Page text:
Wednesday, August 24, 2011

Telling Secrets

If you’re in a relationship, is there ever a time you reveal all or should you hold back? That is the $64,000 question. I’ve met people who held back that they’ve had been married before, a brief two week marriage that seemed to be a result of drunkenness. Another never confided she had a child when she was a teen until that child found her. These are big secrets, why would you hold back?

Is the secret pertinent to your current relationship? Many relationships often end months, even weeks later. Do you really want this person to know you had an affair with your boss? Information we spew everywhere in a moment of trust is often used against us by a vindictive ex.

Marriage therapists side surprisingly on withholding minor transgressions. A man who is quick to confess a flirtation while on a business trip feels good once he gets it off his chest. His wife is another matter. She wonders if she can ever trust him, and begins to doubt if she even knows him, and questions the stability of their marriage. Of course, the other side of the coin is the man who confesses nothing can continue to flirt without fear of consequences.

Once a person decides to confess a secret, there is a chance they’ll be regarded differently. I will admit to being privy to some bizarre sexual secrets about fellow workers that I didn’t want to know. After knowing, it was difficult to keep a straight face around them. My first thought was they were totally different people than I thought they were.

What if the person you choose to confess to is your sweetie and yours is a burgeoning relationship? It could be emotional dynamite. We are in love with whomever we think our sweetie is even if that image isn’t very correct and vice versa. An entire new chapter might mess with his image. Try to explain to your average guy after you ran with the rich and famous that you discover ordinary is really where it is at

Do you worry that if you reveal the details of a co-dependent relationship where you enabled someone’s addiction, out of love you rationalized, but it was more out of fear, that your current honey will leave? That’s a real possibility, especially depending how early you do it. People tend to relate everything back to how it meshes with them. If you confess to a toxic relationship in the past—they wonder why you are pursuing a relationship with them. They might even feel that they are lumped in the same category as your drug addict mate. If you feel totally secure in the relationship, you can drop that bombshell. It will probably be a relief to share these festering facts. Be aware that your sweetie might wonder big time how well he really knows you. He also might question your level of neediness in the past.

Names, some people want them. This is usually not a good idea, especially if you have a very jealous man who just wants to threaten past boyfriends. My old boyfriend never mentioned my name, but we were a couple so long that it was common knowledge. His girlfriend became my full-time stalker. The only way I could rid myself of this scary female was to elicit the old boyfriend’s help.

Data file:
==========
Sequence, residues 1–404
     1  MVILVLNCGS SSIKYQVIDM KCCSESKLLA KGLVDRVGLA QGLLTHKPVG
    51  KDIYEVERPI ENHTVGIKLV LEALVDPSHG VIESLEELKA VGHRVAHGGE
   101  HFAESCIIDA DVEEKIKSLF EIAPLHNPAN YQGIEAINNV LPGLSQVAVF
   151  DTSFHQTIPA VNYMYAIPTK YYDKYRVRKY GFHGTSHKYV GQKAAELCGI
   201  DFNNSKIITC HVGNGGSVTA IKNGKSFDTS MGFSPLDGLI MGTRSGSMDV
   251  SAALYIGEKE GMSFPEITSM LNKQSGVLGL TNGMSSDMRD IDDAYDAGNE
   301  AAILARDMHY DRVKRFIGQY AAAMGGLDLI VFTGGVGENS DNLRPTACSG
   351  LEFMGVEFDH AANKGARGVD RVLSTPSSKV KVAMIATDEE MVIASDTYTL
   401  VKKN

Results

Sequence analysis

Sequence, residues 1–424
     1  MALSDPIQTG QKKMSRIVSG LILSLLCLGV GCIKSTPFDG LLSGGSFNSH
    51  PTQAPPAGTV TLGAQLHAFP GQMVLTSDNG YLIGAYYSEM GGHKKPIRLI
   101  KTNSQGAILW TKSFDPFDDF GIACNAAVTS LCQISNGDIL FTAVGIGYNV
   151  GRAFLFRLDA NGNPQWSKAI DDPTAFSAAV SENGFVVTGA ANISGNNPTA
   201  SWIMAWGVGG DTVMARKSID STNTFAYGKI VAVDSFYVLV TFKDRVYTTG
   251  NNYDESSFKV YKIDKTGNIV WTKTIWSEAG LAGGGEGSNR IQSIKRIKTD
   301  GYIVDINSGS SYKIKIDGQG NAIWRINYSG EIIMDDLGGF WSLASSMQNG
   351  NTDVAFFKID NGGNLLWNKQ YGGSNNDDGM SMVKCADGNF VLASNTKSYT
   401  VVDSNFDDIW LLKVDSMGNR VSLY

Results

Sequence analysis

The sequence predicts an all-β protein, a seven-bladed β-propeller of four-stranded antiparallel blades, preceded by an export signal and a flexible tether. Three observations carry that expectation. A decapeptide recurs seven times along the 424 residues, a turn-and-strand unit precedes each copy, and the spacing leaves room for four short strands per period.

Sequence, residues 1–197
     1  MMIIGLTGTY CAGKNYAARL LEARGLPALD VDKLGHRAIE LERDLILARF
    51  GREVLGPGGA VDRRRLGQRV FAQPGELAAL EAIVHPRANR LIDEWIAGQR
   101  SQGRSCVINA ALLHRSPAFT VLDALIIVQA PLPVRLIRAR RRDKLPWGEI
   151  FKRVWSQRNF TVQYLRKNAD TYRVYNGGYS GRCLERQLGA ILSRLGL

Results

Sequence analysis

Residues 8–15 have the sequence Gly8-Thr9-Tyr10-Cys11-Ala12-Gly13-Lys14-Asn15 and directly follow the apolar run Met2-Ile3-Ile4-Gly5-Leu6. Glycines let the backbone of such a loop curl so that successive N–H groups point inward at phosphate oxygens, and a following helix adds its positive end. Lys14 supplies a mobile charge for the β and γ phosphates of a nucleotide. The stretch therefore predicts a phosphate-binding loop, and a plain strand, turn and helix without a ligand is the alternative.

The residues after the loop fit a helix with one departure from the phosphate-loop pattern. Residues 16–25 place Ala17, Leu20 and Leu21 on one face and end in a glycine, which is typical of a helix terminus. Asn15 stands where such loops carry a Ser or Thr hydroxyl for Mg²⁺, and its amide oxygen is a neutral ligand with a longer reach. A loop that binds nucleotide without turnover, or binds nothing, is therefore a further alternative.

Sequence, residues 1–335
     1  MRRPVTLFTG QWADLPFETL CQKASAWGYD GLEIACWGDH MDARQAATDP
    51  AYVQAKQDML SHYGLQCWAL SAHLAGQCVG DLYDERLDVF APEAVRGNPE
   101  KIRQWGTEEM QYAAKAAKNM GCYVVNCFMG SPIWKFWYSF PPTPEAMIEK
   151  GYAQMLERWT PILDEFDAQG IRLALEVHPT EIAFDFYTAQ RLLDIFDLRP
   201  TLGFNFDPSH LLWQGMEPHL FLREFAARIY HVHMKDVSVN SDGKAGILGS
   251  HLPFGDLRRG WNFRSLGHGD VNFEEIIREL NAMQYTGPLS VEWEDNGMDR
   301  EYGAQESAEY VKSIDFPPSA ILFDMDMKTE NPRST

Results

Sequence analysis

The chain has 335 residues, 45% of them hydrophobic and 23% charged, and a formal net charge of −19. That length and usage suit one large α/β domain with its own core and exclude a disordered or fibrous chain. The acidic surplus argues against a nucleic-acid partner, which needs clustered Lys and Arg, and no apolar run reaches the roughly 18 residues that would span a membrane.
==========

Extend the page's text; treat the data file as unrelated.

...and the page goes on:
What if your sweetie’s name was the same as a crazed old boyfriend? Would you tell him? Your name is a very personal thing. It is who you are. It is something you carried around all your life. Heaven forbid, you decide to confess that not only was the last relationship toxic, but your present and current honey share the same name.

My ex-husband’s name still leaves a bad taste in my mouth because of the way he treated me. I did date two men with the same name as his. They were not successful relationships despite the fact; one was intent on marrying me. Every time I said their names, it was like eating chicken soup out of a toilet. I like chicken soup, but the visual image of eating it out of a toilet turned my stomach. They were both nice men with unfortunate names. I never told either of them that I had issues with their names. I probably tried to say them as little as possible. Should I have told them? I don’t know. Would they have been willing to go by different names to ease my bad memories? I doubt it.

I realize people change. I also realize we date a variety of people to see whom we fit with best. Some of the also-rans will be obviously wrong, horribly wrong, but that doesn’t make us bad. It makes us smart when we get away from them. Then again, these foolish choices do make us look bad to current dates, so we might not want to confess all.

Sometimes we think we need to know things because we don’t want to do the exact things the old girlfriend or ex-wife did. I will freely admit to dreaming of a simple beach wedding if I tie the knot for the final time. It was a bitter awakening to find out that my sweetie already had his beach wedding. Everyone resented it including my sweetie who paid for it. I felt tainted by a woman I never knew.

Do you have to tell everything? I think it is a careful balance. Things you choose to hold back become sticking points when they come to light. Questions about why you hid them may engender a line of questioning you never expected. On the other hand making a clean breast of it by confessing all can sometimes play havoc too.

If you were giving advice to an older couple, who had plenty of skeletons in the closets, what would you advise them to do?

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